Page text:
Trudeau’s Pipeline Blockage Continues
While the Liberal government’s abandoning of its electoral reform promise came as a blow to many Canadians attracted to the idea of a future without first-past-the-post, Trudeau giving the green light for the Trans Mountain and Line 3 pipeline projects has also been met with considerable backlash by First Nations and environmentalists.
The approval comes long after a ‘town hall’ in 2015 held by APTN National News, in which Trudeau said the Liberals believe First Nations have veto power over natural resource development in their communities.
Not only ignoring opposition to the pipelines in the wake of the Dakota Access Pipeline protests, the Liberal government also granted two federal permits for the construction of the Site C dam in B.C., a project that would flood both native and agricultural land.
While the refusal of the Northern Gateway Pipeline shows consistency with Trudeau’s previous stances, the decisions taken regarding the two other pipeline projects and the Site C dam show considerable hypocrisy.
Despite opposition to the pipelines from most First Nations communities, those overseeing petroleum-owning reserves seek a more nuanced discussion regarding pipeline development.
Last year, nine oil-producing First Nations released a First Nations National Energy Strategy, which seeks to balance the mutual economic benefits of the infrastructure with respect for the communities and the land on which they live.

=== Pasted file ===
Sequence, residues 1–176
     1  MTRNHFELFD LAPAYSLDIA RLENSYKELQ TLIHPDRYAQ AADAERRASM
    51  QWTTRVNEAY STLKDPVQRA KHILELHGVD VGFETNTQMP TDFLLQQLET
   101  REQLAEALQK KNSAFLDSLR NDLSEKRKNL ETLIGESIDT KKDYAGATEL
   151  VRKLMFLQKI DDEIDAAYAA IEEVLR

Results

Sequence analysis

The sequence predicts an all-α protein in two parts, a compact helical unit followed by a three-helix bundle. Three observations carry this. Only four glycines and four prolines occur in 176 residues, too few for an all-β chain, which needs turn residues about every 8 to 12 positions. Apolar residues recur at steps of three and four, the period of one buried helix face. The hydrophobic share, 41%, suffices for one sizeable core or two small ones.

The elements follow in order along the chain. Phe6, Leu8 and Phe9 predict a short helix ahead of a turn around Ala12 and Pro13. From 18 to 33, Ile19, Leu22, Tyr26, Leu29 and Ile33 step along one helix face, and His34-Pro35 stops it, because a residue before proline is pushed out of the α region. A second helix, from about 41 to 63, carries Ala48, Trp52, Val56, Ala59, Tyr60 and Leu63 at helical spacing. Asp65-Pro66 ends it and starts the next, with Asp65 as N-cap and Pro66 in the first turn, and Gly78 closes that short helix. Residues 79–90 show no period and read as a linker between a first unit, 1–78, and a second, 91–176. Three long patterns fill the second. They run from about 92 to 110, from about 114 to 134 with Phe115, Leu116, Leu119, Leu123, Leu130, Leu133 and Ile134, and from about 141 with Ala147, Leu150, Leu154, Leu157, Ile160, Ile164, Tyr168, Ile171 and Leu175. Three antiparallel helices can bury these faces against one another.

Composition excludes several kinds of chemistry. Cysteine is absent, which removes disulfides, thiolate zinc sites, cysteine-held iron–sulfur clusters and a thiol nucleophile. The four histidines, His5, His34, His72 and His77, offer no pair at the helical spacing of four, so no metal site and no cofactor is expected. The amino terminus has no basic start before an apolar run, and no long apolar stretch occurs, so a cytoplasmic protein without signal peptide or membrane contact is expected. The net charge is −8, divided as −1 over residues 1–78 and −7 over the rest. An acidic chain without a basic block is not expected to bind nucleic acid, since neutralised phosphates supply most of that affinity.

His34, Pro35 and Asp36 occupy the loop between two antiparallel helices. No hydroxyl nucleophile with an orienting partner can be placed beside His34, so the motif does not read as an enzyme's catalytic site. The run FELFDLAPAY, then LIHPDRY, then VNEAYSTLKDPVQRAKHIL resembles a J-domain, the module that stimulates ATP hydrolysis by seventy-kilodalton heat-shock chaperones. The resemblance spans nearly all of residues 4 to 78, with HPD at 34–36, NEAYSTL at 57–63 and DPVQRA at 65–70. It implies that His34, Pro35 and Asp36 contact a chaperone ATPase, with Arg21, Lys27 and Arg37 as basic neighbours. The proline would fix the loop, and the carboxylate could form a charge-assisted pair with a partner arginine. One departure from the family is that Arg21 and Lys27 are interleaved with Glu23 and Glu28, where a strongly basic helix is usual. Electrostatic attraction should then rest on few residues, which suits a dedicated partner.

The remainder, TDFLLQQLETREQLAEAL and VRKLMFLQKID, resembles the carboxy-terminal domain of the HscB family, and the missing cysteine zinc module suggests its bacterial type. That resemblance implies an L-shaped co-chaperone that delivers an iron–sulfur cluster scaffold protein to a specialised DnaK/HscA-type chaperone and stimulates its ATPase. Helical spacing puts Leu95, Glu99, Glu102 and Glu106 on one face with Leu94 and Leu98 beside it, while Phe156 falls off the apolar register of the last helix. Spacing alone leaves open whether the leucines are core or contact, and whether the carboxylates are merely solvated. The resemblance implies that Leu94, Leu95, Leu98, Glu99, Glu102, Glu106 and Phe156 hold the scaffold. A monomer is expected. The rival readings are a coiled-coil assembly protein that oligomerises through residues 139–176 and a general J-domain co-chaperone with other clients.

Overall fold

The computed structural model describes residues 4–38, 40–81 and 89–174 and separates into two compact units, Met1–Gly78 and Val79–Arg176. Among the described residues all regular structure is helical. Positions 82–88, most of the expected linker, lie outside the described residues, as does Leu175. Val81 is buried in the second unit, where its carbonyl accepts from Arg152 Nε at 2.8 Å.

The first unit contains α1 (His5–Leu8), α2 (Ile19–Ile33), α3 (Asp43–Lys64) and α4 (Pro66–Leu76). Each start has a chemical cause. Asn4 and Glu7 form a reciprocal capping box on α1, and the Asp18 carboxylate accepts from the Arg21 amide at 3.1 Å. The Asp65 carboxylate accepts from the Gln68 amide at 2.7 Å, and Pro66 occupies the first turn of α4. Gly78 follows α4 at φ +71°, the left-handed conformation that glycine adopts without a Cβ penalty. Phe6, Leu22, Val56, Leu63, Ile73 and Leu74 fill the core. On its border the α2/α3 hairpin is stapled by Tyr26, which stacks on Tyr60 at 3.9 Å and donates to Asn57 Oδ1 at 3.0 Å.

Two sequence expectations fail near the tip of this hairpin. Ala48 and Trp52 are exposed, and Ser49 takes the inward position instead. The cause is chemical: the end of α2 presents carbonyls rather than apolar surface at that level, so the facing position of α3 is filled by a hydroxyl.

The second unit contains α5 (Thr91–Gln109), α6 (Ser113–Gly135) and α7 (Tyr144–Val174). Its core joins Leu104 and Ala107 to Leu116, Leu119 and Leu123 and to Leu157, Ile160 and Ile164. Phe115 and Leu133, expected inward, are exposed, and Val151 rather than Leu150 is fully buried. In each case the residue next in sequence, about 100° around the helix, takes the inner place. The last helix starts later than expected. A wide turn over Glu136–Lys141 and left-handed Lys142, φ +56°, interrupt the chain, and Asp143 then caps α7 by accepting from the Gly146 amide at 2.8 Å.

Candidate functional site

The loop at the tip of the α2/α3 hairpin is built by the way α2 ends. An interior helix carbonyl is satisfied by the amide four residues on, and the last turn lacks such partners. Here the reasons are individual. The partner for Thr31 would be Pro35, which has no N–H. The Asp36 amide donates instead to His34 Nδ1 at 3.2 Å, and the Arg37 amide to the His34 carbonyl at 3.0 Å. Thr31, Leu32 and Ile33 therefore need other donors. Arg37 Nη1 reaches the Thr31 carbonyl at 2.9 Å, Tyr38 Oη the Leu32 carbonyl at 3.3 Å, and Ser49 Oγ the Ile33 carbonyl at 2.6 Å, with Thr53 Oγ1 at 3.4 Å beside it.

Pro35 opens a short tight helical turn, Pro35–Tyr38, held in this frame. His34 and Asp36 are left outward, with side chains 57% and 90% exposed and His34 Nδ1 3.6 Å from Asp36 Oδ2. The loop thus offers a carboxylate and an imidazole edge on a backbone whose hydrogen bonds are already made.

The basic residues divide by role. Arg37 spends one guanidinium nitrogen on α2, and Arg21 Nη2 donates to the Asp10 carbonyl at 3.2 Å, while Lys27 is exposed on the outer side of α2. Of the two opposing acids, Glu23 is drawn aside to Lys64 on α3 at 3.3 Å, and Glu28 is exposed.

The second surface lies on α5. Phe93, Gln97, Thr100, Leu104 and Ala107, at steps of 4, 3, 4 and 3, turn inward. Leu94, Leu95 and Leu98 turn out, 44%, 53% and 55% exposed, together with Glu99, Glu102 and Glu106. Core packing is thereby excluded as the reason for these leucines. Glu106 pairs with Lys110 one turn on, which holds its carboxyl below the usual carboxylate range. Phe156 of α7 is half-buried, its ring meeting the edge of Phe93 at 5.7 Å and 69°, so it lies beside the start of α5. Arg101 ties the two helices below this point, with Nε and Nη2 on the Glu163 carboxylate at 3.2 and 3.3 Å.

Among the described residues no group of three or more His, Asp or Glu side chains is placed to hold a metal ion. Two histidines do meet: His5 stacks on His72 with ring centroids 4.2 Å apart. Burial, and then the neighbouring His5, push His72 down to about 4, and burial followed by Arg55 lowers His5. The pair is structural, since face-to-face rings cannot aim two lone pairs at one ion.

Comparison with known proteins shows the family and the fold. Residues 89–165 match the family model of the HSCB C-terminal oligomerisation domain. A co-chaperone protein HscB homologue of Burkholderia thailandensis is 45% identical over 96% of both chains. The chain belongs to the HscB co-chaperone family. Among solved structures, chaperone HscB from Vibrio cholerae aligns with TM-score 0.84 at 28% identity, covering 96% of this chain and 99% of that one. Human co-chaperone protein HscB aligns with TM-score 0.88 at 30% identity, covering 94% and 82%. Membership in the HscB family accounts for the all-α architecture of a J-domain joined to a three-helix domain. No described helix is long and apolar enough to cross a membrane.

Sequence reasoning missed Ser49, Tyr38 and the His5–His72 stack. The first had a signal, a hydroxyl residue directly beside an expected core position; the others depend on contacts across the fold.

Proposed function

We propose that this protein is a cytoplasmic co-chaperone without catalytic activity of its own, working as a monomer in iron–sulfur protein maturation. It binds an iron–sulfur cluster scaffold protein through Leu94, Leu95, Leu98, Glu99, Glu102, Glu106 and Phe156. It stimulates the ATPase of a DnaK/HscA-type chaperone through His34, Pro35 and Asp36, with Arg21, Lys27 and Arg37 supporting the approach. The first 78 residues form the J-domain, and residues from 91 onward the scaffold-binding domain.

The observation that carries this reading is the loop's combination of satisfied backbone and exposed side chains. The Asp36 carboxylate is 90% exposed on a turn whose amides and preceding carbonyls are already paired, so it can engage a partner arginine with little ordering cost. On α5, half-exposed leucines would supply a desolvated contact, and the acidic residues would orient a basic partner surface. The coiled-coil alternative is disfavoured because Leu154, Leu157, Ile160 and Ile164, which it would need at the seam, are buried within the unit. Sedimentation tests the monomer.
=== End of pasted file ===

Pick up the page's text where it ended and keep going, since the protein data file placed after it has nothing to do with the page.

Aboriginal people across the country are already employed by the oil industry, and roughly 23,000 live in oil sands regions.
Kinder Morgan (one of the largest energy infrastructure companies in North America) forecasts the creation of 15,000 jobs a year during the Trans Mountain pipeline construction, and a further 37,000 during operation.
The project, once completed, is expected to bring the government an extra $46.7 billion in revenues during the first 20 years, almost half of which would go to Alberta.
The two projects should cost an estimated $14.3 billion combined.
The prime minister also faces opposition from B.C’s new govern-ment, with both the NDP and Green Party being fiercely opposed to the Trans Mountain pipeline.
While the federal government does retain the authority to override provincial governments’ decisions regarding works benefiting the country, it is unlikely Trudeau’s Liberals will use this legality considering its track record.
The NDP and Greens hold a combined 44 seats in B.C., with the Liberals close behind at 43.
Despite polarized views on the pipeline projects, John Horgan’s minority government could prove to be unstable should a few ridings side with the pro-pipeline stance.
As well, other than the risk for a potential oil spill affecting both land and water, the Canadian Environmental Assessment Agency estimates the Trans Mountain pipeline’s greenhouse gas emissions could be between 20 and 26 megatonnes of carbon dioxide per year — putting into question the Liberals’ climate-change commitments.
Trudeau’s options for the pipelines seem few and far between. Pushing for support in B.C would require focused political power, and while some First Nations are open to negotiating with Kinder Morgan and Enbridge, Trudeau’s desire to push for these projects will prove costly considering the public’s strong opposition.
By trying to appease these many groups and their respective interests, there’s no foreseeable outcome in which Trudeau can unite polarized groups regarding pipelines, whatever the final decision might be.